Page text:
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  1. #31
    All-New Member cheswick's Avatar
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    Quote Originally Posted by dietrich View Post
    She totally is. King didn't have to write a temptation arc he didn't have to put her in a position where readers might Cast her in that role. He could have just written the same type of story he gave supes. no ambiguity no confusion
    King chose to put them into a story where they experienced not just physical conflict, but also emotional conflict, and one that, ultimately, showed the strength of Bruce and Selina's relationship (as well as Bruce and Diana's friendship). My initial point still holds: Some people are holding Diana to different standards than Bruce, casting her as a "temptress", etc. A writer cannot be faulted for some people's values coloring their interpretation of a story.

    That said, stacked up against the rest of the run, I didn't think it (#39) was a great issue. I thought the "cliffhanger" was cheap and cheesy. In television, they used to call that type of ending "schmuckbait", because only "schmucks" would fall for it.

  2. #32
    All-New Member cheswick's Avatar
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    Quote Originally Posted by dietrich View Post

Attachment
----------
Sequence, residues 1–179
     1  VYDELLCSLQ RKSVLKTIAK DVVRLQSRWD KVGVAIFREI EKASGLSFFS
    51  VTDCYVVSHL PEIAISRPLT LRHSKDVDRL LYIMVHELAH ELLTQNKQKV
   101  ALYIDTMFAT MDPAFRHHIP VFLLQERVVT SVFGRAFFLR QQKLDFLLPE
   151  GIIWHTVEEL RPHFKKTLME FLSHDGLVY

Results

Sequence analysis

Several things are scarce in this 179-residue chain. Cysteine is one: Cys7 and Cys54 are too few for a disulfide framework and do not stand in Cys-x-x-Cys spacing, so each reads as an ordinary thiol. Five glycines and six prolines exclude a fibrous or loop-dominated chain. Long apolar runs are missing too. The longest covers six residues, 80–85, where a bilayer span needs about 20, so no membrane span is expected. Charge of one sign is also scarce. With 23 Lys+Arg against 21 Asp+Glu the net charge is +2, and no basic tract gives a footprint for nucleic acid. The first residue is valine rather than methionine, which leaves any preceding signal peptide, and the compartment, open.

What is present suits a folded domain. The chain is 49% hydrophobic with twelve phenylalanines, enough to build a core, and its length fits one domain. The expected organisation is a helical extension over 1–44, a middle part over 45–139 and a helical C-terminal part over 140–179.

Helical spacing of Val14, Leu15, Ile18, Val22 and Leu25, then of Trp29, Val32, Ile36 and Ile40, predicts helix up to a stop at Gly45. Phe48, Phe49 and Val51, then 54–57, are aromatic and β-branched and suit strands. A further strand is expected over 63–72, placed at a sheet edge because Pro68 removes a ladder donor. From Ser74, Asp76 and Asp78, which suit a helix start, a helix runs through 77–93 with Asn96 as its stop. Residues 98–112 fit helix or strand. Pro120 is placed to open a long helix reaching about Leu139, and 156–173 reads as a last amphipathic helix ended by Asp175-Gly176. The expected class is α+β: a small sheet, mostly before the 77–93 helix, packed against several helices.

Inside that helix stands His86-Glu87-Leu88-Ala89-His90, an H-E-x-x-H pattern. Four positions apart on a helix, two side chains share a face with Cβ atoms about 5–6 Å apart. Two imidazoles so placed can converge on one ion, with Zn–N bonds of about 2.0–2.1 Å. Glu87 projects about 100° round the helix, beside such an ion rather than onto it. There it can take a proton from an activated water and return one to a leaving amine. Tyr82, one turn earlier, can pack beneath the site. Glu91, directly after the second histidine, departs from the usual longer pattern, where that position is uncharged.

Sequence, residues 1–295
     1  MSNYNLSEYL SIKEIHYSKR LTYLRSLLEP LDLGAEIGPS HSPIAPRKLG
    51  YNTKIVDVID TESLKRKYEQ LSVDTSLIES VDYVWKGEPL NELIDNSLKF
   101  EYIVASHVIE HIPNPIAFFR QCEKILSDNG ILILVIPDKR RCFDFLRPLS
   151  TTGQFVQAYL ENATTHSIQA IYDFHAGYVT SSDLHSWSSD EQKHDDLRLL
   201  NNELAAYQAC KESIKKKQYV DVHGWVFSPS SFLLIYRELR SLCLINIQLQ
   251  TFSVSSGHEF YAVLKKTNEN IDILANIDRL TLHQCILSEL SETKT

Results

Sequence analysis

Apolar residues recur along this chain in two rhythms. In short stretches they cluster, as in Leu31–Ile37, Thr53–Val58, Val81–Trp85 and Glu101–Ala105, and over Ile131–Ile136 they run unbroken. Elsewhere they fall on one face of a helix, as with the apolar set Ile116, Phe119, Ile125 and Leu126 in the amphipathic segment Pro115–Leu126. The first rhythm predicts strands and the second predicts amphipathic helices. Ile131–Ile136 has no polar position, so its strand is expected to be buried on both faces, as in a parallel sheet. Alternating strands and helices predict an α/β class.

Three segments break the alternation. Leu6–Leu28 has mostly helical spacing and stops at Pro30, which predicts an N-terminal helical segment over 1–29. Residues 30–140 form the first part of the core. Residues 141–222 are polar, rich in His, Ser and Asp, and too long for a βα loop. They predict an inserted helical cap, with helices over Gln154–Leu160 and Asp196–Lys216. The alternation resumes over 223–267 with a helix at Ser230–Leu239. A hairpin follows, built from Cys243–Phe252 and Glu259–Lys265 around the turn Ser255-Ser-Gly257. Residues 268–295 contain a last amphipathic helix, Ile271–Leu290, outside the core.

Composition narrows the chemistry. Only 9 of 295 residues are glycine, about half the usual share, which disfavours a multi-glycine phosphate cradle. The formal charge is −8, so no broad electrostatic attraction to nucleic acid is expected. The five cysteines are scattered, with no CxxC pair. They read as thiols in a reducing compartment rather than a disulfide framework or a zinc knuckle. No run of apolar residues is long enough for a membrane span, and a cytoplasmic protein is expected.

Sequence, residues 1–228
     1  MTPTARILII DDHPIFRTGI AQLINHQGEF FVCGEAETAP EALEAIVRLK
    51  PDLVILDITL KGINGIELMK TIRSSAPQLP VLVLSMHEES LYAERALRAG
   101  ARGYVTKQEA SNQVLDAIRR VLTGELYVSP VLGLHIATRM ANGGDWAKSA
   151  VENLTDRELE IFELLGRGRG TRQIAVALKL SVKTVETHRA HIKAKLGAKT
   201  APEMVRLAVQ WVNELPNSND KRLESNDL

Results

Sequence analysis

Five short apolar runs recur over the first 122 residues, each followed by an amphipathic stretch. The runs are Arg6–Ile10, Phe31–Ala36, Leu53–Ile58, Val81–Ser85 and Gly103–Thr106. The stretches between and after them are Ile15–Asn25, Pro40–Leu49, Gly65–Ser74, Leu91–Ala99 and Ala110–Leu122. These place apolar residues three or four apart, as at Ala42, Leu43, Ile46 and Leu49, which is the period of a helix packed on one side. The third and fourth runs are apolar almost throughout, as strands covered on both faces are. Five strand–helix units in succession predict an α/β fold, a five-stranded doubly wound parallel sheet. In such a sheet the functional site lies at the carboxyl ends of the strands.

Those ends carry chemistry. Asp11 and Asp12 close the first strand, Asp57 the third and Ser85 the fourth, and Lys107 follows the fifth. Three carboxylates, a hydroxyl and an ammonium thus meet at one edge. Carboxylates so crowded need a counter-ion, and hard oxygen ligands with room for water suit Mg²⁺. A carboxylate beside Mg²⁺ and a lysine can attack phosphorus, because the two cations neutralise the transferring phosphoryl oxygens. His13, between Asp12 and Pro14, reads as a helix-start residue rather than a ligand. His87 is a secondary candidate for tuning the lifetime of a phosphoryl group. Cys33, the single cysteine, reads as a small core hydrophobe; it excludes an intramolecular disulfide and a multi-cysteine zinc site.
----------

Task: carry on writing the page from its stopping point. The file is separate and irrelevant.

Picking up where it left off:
Baffles me how people are still missing that point.

    So Bruce is the one who pulls back. Bollocks. Can't say how much I hate that or how unfair that is to wondie's character. If there is a God this run is headed for the retcon bin
    I do think it would have been better if they would have said it simultaneously. It would have been kind of sitcom-y, but could have added some levity to the awkward situation of two friends almost making a huge mistake. Which, seems to be what King is trying for there.

  3. #33
    Fantastic Member CryNotWolf's Avatar
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    Quote Originally Posted by cheswick View Post
    Wonder Woman is in the same situation as Bruce and facing the same circumstances, yet you view her as "temptress" because she's the woman in the situation? That's incredibly sexist of you.
    Readers probably view her as being shoehorned into the role of a temptress due to her suggestive dialogue in the other dimension, among other things. There's the framing of the story itself. Diana was the one who initiated everything, she waltzes into Bruce's town. She whisks him off far away from his fiance. No mention was made of her significant other. She's made to look absolutely irresistible and suggestive in multiple panels. I mean it's quite obvious, all things told. That was her entire role in the issue, and it was to get tongues wagging.

    Your assumption that King penned role of the literary tempter on an equal footing with both Bruce and Diana just seems very poorly thought out to me.

  4. #34
    All-New Member cheswick's Avatar
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    Quote Originally Posted by CryNotWolf View Post